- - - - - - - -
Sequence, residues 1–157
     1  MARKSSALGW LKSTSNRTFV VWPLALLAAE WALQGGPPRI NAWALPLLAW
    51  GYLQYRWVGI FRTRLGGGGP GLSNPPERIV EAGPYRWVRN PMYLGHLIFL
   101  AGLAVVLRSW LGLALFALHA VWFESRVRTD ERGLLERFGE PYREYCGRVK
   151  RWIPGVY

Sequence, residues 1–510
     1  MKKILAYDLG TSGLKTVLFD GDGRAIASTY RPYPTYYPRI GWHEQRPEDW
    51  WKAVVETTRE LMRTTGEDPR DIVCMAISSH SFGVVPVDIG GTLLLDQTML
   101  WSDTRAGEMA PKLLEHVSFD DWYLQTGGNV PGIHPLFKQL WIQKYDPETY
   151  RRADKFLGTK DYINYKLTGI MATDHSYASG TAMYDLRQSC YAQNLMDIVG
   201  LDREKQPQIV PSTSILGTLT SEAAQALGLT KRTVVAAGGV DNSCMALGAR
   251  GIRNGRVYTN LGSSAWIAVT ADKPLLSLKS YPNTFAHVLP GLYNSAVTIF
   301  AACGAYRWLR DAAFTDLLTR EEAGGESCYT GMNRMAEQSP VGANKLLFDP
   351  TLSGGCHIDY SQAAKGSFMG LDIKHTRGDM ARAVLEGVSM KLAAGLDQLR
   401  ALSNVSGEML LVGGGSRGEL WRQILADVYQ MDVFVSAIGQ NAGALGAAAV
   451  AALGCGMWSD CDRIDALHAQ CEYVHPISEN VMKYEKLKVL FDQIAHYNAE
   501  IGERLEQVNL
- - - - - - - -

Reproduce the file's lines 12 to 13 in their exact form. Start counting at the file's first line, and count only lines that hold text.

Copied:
   251  GIRNGRVYTN LGSSAWIAVT ADKPLLSLKS YPNTFAHVLP GLYNSAVTIF
   301  AACGAYRWLR DAAFTDLLTR EEAGGESCYT GMNRMAEQSP VGANKLLFDP